So long my friend: Femi Peters will always standout

When the Gambia story is written, one name will stand out in all its iconic glory. 2010 was a dark reminder of the Orwellian dystopia that permeated Gambian society, but it also vividly reminds us of one man who stood up as the echo of Gambia’s resistance to the perennial political trepidation that consumed a nation and kept the political light of UDP burning.

Between 2010 and 2011, when the late Femi Peters became Yahya Jammeh’s latest Mile Two prisoner, a victim of his conscience, he, more than anyone else, kept the name of United Democratic Party alive and relevant.

Mr. Peters wasn’t rattled by the draconian laws that pervaded Gambian society; instead, he became the avatar of Gambia’s political consciousness; the lone voice in the political wilderness that was the Gambia. By nature, Femi Peters calm demeanor spurned the political madness that often flared up among the ranks of the UDP.

He was agnostic to the sectarian underpinnings that so often belie Gambian politics; for he unequivocally rejected the orthodoxy of the wild underbelly of the partisan undercurrents inherent in Gambia’s divisive politics.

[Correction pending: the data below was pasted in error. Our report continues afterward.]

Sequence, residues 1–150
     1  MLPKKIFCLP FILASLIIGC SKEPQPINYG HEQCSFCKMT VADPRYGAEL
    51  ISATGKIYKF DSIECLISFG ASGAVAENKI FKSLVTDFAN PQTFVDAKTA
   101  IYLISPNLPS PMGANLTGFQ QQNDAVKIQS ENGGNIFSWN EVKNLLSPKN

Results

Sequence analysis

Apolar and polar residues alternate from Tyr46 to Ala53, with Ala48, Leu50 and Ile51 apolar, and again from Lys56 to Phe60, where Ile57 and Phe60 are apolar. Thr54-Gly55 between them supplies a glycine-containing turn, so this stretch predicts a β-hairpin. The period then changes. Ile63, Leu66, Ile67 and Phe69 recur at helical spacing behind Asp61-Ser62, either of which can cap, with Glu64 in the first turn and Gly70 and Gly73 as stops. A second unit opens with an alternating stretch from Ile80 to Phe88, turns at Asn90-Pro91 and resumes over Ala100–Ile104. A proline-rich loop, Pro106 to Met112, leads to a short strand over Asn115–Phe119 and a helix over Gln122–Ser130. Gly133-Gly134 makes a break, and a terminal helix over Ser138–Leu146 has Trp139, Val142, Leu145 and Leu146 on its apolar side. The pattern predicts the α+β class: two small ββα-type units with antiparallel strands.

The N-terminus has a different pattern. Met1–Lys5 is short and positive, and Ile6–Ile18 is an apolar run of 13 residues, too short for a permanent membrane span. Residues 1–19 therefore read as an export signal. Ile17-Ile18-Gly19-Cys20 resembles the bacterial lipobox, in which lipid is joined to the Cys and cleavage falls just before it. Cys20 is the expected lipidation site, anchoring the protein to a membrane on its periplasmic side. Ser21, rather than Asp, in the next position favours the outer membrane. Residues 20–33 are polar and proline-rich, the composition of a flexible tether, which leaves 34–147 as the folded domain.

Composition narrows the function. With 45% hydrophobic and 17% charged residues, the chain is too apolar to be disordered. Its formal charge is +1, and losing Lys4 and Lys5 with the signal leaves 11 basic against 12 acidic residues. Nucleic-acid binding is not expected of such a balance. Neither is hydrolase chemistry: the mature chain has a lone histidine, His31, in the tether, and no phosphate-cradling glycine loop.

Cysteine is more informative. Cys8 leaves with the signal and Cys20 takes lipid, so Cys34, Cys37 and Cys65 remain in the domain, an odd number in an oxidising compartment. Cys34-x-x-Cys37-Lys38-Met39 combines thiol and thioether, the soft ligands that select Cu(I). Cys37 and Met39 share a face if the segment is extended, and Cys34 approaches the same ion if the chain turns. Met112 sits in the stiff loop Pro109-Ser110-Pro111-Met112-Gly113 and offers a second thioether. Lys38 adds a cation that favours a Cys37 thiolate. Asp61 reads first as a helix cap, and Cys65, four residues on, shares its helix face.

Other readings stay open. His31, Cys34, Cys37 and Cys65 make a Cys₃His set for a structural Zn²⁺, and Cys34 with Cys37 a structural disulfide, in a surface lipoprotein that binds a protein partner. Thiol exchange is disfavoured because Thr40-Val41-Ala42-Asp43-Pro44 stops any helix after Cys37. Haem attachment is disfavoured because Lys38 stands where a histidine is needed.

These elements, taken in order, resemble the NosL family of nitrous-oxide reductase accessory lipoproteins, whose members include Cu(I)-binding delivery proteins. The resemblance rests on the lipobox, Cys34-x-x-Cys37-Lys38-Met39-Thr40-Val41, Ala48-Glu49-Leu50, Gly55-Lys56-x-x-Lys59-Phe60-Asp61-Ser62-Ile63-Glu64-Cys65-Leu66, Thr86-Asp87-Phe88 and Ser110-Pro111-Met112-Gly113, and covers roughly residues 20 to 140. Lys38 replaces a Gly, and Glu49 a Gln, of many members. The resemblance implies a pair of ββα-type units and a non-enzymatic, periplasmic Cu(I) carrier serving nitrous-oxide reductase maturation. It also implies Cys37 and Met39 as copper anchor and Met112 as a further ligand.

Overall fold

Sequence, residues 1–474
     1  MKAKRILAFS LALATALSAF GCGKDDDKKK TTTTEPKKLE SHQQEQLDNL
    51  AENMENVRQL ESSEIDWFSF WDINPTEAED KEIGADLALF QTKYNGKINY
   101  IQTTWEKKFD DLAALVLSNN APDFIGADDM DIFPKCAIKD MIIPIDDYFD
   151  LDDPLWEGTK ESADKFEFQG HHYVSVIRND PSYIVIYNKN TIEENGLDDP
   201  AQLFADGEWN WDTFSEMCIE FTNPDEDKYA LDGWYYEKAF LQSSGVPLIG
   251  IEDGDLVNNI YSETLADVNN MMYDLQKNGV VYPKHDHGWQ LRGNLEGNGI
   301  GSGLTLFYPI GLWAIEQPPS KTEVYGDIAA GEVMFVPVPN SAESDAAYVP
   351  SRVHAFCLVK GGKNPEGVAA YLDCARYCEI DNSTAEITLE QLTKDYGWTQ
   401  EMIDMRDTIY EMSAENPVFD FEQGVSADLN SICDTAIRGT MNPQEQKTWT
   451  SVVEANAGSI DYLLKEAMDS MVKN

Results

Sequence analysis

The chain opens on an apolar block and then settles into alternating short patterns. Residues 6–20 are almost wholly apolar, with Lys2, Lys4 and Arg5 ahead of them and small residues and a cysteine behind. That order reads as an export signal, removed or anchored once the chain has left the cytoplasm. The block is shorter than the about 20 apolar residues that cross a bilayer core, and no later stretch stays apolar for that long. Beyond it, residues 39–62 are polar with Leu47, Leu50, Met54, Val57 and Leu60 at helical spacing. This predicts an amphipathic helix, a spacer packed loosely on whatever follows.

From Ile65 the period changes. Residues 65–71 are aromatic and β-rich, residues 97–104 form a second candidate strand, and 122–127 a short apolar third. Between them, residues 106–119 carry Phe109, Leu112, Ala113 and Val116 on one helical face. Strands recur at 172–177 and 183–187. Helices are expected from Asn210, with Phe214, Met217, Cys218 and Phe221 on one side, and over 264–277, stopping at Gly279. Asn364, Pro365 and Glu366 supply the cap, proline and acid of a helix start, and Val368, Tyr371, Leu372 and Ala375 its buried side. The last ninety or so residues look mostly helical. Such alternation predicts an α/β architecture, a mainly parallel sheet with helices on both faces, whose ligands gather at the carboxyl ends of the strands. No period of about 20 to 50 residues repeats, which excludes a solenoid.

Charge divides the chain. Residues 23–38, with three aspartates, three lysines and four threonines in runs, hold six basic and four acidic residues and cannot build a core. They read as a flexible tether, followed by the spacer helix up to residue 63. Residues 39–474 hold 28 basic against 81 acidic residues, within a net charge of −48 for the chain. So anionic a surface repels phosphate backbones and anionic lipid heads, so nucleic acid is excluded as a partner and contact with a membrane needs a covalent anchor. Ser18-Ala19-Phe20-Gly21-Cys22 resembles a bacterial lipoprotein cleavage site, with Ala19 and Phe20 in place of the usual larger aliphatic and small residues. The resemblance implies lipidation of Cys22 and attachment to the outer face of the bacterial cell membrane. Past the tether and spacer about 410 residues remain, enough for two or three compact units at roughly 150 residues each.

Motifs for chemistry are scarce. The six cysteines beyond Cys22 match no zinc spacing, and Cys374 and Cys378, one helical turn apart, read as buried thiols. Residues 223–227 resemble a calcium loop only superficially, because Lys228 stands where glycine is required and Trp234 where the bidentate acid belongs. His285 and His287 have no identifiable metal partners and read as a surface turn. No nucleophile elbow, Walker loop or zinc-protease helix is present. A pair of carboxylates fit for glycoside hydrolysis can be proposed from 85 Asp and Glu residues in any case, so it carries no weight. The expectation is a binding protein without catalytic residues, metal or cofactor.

In the party he championed for so long, Mr. Peters shut out the surrounding noise as puerile daftness, and in that way alone, he was not the stereotypical politician who revered the pathology of divisiveness so prevalent in Gambian politics.

Mr. Peters wasn’t one to luxuriate in the bliss of his accomplishments, but for a period of time, his uncompromising political posturing had made him Yahya Jammeh’s living, breathing kryptonite.

Unlike so many in our society, Mr. Peters was never blinded by the trappings of power, which is why, even when he was offered the lowly job of Sierra Leone Ambassador, he didn’t complain. For a person who deserved nothing less than Ambassador to UK or Washington, it was a bitter pill to swallow, but still, Mr. Peters took this menial post as a true champion of humility.

Mr Peters’ place in Gambia’s history is etched not only in the UDP legacy, but in the Gambian story. For when it mattered, he truly represented the moral outrage of a nation, and for that, he reserved his place in the pantheon of Gambia political liberators. So long, my friend. Rest In Peace!

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